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Dearborn Homes

Coordinates: 41°50′28″N 87°37′40″W / 41.8412°N 87.6279°W / 41.8412; -87.6279
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Dearborn Homes
2009 photograph of two Dearborn Homes buildings shortly after renovation.
General information
LocationBordered by 27th Street, 30th Street, State Street, and Federal Street
Chicago, Illinois,
 United States
Coordinates41°50′35″N 87°37′40″W / 41.8431°N 87.6278°W / 41.8431; -87.6278
Status660 units; Renovated
Other information
Chicago Housing Authority

Dearborn Homes is a Chicago Housing Authority (CHA) public housing project located in the Bronzeville neighborhood on the South Side of Chicago, Illinois. It is located along State Street between 27th and 30th Streets, and bounded by the Metrarail line to the west. It is one of only two housing projects that still exist from the State Street Corridor which included other CHA developments: Robert Taylor Homes, Stateway Gardens, Harold Ickes Homes and Hillard Homes.

The project occupies 16 acres (6.5 ha) and consists of mid-rise, six-story, and nine-story buildings.[1] They were designed in modernist style by Loebl, Schlossman & Bennett, with cruciform towers to allow for ventilation and light, placed in a parklike setting.[2][3][4] There were 800 units.[2][5]


Dearborn was the first Chicago housing project built after World War II, as housing for blacks on part of the Federal Street slum within the "black belt".[3] It was the start of the Chicago Housing Authority's post-war use of high-rise buildings to accommodate more units at a lower overall cost,[6] and when it opened in 1950, the first to have elevators.[1][2]

While still unfinished, it was used to receive lower-income residents displaced by redevelopment;[7] half the buildings were also increased in height by three floors when more money became available during construction.[8] The buildings soon fell victim to vandalism; in 1958 a Chicago American reporter visited Dearborn and wrote of "torn window screens, mutilated storm doors, yards littered with garbage, . . . walls, doors, and casings marked by knife slashes and crayon marks; holes gouged in plaster; [and] obscenities scrawled on the stairway walls".[9]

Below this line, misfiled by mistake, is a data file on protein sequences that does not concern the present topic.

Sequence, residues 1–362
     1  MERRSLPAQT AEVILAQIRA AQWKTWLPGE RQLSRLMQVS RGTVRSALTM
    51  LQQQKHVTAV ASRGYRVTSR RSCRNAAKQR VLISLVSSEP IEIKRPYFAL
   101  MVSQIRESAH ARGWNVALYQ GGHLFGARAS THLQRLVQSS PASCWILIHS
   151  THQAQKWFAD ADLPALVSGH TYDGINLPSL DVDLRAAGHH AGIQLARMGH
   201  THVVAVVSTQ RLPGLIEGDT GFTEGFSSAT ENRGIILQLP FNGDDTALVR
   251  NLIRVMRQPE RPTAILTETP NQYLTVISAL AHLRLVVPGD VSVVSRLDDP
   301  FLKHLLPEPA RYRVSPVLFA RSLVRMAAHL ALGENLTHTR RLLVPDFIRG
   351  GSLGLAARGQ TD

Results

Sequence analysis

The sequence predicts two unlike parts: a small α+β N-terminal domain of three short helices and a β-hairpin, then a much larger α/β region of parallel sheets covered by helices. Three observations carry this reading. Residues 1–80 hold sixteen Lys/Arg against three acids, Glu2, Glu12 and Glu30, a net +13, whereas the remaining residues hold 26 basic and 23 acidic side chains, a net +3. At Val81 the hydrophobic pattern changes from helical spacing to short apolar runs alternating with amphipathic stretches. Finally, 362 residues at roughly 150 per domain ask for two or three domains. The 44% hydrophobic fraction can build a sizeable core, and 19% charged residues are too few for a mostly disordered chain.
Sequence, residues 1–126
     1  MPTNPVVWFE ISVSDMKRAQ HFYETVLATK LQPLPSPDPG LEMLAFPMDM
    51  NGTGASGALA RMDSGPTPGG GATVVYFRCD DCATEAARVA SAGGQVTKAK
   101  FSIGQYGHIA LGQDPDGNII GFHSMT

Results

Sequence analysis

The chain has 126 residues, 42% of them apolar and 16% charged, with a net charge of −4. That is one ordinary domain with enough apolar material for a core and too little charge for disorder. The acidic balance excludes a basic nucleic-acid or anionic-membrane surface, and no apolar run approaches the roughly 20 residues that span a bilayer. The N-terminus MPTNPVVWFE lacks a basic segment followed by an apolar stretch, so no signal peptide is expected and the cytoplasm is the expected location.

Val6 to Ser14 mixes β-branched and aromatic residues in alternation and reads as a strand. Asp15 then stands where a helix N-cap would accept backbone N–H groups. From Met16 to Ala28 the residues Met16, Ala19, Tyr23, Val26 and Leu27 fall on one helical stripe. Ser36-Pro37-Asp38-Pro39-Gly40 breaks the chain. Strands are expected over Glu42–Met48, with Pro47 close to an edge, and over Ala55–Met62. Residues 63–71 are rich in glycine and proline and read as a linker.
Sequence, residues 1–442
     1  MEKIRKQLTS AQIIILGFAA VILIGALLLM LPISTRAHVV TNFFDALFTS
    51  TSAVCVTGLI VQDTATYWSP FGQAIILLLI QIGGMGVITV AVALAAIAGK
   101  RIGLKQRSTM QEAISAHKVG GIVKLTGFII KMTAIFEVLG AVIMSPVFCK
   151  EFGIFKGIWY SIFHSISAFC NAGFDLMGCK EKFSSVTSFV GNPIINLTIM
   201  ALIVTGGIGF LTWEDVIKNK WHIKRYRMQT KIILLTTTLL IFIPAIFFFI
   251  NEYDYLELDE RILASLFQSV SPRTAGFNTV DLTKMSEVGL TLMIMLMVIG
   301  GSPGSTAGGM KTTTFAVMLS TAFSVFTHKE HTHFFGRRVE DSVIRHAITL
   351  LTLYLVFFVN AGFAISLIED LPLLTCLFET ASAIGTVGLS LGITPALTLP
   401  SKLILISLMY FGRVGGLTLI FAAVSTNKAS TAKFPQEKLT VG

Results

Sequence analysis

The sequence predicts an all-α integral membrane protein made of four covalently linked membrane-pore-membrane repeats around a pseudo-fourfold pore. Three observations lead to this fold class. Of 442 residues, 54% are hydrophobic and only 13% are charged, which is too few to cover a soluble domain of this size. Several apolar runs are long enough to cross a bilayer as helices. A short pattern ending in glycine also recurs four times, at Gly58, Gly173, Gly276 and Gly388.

Crime and drugs[edit]

By 1980, the project was "notorious", a high-crime area where "[e]verybody live[d] in fear".[10] The Mickey Cobras gang dominated the complex during the 2000s.[5][11] In 2006, following an undercover drug conspiracy bust, numerous people living at and near the housing project died of overdoses from a potent form of heroin.[12] Raids followed the deaths and resulted in 30 gang members' being arrested at the complex.[13] On August 11, 2013, two men were shot in the complex, leaving one dead and the other wounded.[14]


From 2009–2010, The Chicago Housing Authority renovated the buildings, adding detailing—stone quoins and triangular ball-topped gables and metal porches—to give the original plain brick a neo-Georgian appearance,[2] and has installed its first resident computer center there.[15] The number of apartments will be reduced to 660.[2]


  1. ^ a b Dearborn Homes Archived 2012-01-30 at the Wayback Machine, Chicago Housing Authority
  2. ^ a b c d e Blair Kamin, "CHA architecture gets it right with Dearborn Homes: New limestone decorations transform the buildings from hulking to inviting, and the update has improved the interior too," Cityscapes, Chicago Tribune, May 22, 2009; repr. "CHA Polishes Its Rough Edges: Architect dresses up the Dearborn Homes, Georgian Style, and Upgrades Living Spaces Inside," in Blair Kamin, Terror and Wonder: Architecture in a Tumultuous Age, Chicago: University of Chicago, 2010, ISBN 9780226423135, pp. 244–47.
  3. ^ a b D. Bradford Hunt, Blueprint for Disaster: The Unraveling of Chicago Public Housing, Historical studies of urban America, Chicago: University of Chicago, 2009, ISBN 9780226360850, p. 123.
  4. ^ Progressive Architecture 52 (1981) 57.
  5. ^ a b Donna Leinwand, "Raids target gang ring behind deadly heroin," USA Today, June 22, 2006.
  6. ^ Hunt, pp. 12324
  7. ^ Arnold R. Hirsch, Making the Second Ghetto: Race and Housing in Chicago, 1940–1960, Cambridge/London: Cambridge University, 1983; repr. Historical studies of urban America, Chicago: University of Chicago, 1998, ISBN 9780226342467, p. 123.
  8. ^ Hunt, p. 124.
  9. ^ qtd. in Hunt, p. 156.
  10. ^ "Down but not out: despite illness, money woes, Chicago family manages to make ends meet," Ebony, August 1980, pp. 46+, pp. 47, 48.
  11. ^ Frank Main, "Residents of Dearborn Homes protest surge of gang violence", Chicago Sun-Times, August 14, 2001.
  12. ^ "Overdoses spur heroin investigation", Chicago Tribune, February 6, 2006.
  13. ^ Donna Leinwand, "Raids target gang ring behind deadly heroin", USA Today, June 22, 2006.
  14. ^ "2 killed, 14 hurt in shootings across Chicago", Chicago Tribune, August 11, 2013.
  15. ^ Natalie Moore, Associated Press, "CHA opens first tech center in public housing," Archived 2012-05-13 at the Wayback Machine WBEZ, March 7, 2012.

Further reading[edit]

  • History of Dearborn Homes. Chicago: Peoples Welfare Organization of Chicago, 1950. OCLC 45831602

41°50′28″N 87°37′40″W / 41.8412°N 87.6279°W / 41.8412; -87.6279